Friday, September 23, 2011

Lynne Berkeley (Songs and Saddles)

The less said about crooner Gene Austin's appropriateness for western stardom the better. Suffice it to say that in his one starring vehicle, Songs and Saddles (1938), Austin made his near-namesake Gene Autry appear positively Shakespearean in comparison. Austin apparently toured with this little snooze fest of a singing cowboy oater along with several of the cast members, including someone named Joan Brooks, a Judy Canova type meant to provide hayseed comedy relief. But, alright, it is almost too easy to make fun of Austin and his coterie of of less than stellar supporting comics, so let's leave it at that. Meanwhile, no movie that has good ole Charlie King utter lines such as “I will not be party to any lawbreaking” cannot be all bad.

Gene Austin's leading lady, Lynne Berkeley, was borrowed from 20th Century-Fox, where she was laboring under a typical starlet contract. Her real name was Mary Foster and she was the daughter of Willett Foster, a California artist. Now, go figure: Why would the studio rename Mary Foster “Lynne Berkeley” when there was already a Lynn Bari on the lot? In any case, Fox had a judge validate her contract on the same day, 16 June 1936, as two other contract players, Dixie Dunbar and Martha Raye. The latter, described as “a singer and comedienne,” was to receive $200 a week for her services while Miss Berkeley, a mere starlet, would obtain a starting salary of $60 a week.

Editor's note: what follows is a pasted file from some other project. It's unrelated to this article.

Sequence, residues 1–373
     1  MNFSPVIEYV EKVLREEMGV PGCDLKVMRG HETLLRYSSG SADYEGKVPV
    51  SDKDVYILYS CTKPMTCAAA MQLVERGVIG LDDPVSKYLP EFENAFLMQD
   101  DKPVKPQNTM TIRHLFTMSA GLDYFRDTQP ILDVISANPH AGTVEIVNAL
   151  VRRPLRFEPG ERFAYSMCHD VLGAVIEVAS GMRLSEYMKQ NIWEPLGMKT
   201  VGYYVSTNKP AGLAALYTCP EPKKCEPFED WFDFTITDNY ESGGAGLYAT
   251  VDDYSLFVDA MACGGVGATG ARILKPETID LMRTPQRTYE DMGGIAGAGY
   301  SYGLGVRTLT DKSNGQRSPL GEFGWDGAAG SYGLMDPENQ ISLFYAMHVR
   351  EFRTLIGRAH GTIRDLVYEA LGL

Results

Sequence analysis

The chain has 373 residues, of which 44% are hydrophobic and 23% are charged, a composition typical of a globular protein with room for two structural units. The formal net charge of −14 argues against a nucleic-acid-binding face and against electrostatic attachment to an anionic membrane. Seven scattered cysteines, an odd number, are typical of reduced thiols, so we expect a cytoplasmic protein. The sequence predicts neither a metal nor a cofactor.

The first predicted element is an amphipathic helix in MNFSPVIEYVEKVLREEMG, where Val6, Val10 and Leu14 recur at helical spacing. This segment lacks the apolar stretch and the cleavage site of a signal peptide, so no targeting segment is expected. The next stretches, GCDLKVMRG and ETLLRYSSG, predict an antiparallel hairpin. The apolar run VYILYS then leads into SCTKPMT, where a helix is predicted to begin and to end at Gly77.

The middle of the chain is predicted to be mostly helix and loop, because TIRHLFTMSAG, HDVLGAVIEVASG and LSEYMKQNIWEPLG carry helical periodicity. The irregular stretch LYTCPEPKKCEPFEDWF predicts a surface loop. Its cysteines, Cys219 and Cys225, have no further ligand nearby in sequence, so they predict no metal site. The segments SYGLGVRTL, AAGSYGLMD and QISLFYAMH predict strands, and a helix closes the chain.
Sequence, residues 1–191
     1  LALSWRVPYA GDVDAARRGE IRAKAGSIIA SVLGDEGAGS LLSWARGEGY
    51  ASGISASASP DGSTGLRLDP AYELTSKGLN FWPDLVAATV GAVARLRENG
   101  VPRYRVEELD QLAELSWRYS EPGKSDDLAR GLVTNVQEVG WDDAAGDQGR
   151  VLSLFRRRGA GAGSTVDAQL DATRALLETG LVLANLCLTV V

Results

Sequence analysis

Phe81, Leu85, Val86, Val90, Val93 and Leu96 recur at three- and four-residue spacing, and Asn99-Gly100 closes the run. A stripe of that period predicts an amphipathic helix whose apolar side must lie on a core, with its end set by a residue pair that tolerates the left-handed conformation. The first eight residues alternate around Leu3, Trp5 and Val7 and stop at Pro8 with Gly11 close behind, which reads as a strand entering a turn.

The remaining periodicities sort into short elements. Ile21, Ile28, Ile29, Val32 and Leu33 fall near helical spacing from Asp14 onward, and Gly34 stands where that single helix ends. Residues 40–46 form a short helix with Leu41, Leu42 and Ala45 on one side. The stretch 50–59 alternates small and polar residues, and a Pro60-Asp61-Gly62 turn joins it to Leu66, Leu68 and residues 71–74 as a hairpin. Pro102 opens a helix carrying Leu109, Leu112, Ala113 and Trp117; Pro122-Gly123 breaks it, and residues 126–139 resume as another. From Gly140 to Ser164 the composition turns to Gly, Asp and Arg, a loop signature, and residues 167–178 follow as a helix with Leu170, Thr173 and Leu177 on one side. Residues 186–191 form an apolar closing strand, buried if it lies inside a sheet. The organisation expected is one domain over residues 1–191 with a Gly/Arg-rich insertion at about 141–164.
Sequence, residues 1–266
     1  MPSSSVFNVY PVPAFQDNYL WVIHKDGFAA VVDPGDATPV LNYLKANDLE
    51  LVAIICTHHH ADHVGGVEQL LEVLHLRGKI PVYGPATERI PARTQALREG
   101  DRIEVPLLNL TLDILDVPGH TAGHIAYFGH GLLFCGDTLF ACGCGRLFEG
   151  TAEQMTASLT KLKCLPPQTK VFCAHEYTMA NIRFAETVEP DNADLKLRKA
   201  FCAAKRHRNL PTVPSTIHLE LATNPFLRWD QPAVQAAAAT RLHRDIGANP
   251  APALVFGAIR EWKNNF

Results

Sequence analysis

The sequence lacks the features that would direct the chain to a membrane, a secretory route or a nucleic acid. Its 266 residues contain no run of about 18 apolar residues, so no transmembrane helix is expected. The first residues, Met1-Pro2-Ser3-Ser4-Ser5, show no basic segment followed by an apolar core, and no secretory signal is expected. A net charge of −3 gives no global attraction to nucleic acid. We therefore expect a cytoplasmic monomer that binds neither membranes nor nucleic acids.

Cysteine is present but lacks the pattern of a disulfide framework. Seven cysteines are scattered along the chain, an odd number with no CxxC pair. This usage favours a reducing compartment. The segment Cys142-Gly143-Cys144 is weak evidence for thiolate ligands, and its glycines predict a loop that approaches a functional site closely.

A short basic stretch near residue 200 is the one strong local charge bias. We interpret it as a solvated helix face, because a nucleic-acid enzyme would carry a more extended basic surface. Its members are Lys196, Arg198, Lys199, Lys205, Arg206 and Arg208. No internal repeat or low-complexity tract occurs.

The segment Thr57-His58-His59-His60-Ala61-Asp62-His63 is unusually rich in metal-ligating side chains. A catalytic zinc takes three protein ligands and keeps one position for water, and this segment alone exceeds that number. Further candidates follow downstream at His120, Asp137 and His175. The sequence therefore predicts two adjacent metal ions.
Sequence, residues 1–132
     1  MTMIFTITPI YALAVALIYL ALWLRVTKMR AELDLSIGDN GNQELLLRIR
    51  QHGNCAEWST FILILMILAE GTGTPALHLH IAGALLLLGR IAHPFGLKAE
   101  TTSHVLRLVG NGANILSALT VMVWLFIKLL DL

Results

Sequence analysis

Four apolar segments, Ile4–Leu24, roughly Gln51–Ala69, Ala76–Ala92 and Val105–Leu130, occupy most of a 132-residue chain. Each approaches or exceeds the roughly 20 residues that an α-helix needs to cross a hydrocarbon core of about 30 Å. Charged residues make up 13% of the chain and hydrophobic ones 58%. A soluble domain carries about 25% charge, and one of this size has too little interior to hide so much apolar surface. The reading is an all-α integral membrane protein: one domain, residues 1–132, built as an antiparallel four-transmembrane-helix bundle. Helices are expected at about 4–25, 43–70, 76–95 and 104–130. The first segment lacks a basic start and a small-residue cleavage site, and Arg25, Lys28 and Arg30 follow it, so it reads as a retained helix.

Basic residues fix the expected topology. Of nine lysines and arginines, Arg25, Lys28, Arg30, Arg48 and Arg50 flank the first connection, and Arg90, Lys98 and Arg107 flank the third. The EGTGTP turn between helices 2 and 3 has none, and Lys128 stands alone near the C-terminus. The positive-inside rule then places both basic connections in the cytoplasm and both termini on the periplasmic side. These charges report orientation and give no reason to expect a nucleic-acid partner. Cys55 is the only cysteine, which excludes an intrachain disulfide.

I have no idea what the Alexander Brothers of Colony Pictures paid Fox for the services of Lynne Berkeley, but all she really had to do in Songs and Saddles was look wistful while Gene Austin tickled the ivories and did his patented western croon. But not, alas, his one mega hit “My Blue Heaven.” Had he just done that … well, who knows?

Miss Berkeley, meanwhile, was a Goldwyn Girl in The Goldwyn Follies (1937) and turned up as “girl” in a host of Fox films until at least 1941.

No comments:

Post a Comment